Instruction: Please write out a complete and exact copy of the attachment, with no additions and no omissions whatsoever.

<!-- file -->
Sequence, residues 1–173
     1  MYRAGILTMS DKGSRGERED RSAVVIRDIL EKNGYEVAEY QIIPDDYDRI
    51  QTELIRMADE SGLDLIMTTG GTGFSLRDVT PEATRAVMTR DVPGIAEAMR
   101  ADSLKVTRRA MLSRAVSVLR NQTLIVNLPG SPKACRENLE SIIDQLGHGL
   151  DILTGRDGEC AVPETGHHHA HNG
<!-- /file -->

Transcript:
Sequence, residues 1–173
     1  MYRAGILTMS DKGSRGERED RSAVVIRDIL EKNGYEVAEY QIIPDDYDRI
    51  QTELIRMADE SGLDLIMTTG GTGFSLRDVT PEATRAVMTR DVPGIAEAMR
   101  ADSLKVTRRA MLSRAVSVLR NQTLIVNLPG SPKACRENLE SIIDQLGHGL
   151  DILTGRDGEC AVPETGHHHA HNG